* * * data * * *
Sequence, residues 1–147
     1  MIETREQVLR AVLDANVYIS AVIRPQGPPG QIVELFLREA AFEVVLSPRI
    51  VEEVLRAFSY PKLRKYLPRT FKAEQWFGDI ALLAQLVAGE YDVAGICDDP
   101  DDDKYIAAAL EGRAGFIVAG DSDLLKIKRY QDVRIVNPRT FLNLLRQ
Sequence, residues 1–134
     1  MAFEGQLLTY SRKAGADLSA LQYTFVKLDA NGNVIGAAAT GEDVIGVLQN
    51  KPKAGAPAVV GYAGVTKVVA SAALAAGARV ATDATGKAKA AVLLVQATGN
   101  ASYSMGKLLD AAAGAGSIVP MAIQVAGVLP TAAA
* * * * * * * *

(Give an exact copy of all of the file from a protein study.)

Sequence, residues 1–147
     1  MIETREQVLR AVLDANVYIS AVIRPQGPPG QIVELFLREA AFEVVLSPRI
    51  VEEVLRAFSY PKLRKYLPRT FKAEQWFGDI ALLAQLVAGE YDVAGICDDP
   101  DDDKYIAAAL EGRAGFIVAG DSDLLKIKRY QDVRIVNPRT FLNLLRQ
Sequence, residues 1–134
     1  MAFEGQLLTY SRKAGADLSA LQYTFVKLDA NGNVIGAAAT GEDVIGVLQN
    51  KPKAGAPAVV GYAGVTKVVA SAALAAGARV ATDATGKAKA AVLLVQATGN
   101  ASYSMGKLLD AAAGAGSIVP MAIQVAGVLP TAAA